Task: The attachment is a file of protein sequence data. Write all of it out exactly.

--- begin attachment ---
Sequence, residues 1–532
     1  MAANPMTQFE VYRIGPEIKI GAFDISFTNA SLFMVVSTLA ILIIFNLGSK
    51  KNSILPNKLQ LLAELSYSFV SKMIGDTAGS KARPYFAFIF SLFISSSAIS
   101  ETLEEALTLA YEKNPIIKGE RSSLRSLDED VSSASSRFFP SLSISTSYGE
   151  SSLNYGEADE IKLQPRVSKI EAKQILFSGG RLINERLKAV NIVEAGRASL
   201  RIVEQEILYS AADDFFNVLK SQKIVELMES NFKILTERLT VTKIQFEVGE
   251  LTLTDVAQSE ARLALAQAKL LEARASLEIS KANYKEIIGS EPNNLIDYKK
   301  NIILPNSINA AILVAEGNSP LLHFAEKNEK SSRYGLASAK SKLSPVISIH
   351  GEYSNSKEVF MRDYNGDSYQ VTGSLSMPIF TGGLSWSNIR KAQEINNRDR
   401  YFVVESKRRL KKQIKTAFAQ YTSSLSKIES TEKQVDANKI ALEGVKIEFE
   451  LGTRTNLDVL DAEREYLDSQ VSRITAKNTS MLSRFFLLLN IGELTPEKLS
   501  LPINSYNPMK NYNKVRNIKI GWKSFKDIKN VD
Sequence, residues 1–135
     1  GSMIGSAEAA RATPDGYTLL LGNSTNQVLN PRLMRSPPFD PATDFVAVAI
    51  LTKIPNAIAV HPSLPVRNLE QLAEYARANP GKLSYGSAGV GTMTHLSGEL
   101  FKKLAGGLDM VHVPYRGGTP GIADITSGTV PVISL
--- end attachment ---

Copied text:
Sequence, residues 1–532
     1  MAANPMTQFE VYRIGPEIKI GAFDISFTNA SLFMVVSTLA ILIIFNLGSK
    51  KNSILPNKLQ LLAELSYSFV SKMIGDTAGS KARPYFAFIF SLFISSSAIS
   101  ETLEEALTLA YEKNPIIKGE RSSLRSLDED VSSASSRFFP SLSISTSYGE
   151  SSLNYGEADE IKLQPRVSKI EAKQILFSGG RLINERLKAV NIVEAGRASL
   201  RIVEQEILYS AADDFFNVLK SQKIVELMES NFKILTERLT VTKIQFEVGE
   251  LTLTDVAQSE ARLALAQAKL LEARASLEIS KANYKEIIGS EPNNLIDYKK
   301  NIILPNSINA AILVAEGNSP LLHFAEKNEK SSRYGLASAK SKLSPVISIH
   351  GEYSNSKEVF MRDYNGDSYQ VTGSLSMPIF TGGLSWSNIR KAQEINNRDR
   401  YFVVESKRRL KKQIKTAFAQ YTSSLSKIES TEKQVDANKI ALEGVKIEFE
   451  LGTRTNLDVL DAEREYLDSQ VSRITAKNTS MLSRFFLLLN IGELTPEKLS
   501  LPINSYNPMK NYNKVRNIKI GWKSFKDIKN VD
Sequence, residues 1–135
     1  GSMIGSAEAA RATPDGYTLL LGNSTNQVLN PRLMRSPPFD PATDFVAVAI
    51  LTKIPNAIAV HPSLPVRNLE QLAEYARANP GKLSYGSAGV GTMTHLSGEL
   101  FKKLAGGLDM VHVPYRGGTP GIADITSGTV PVISL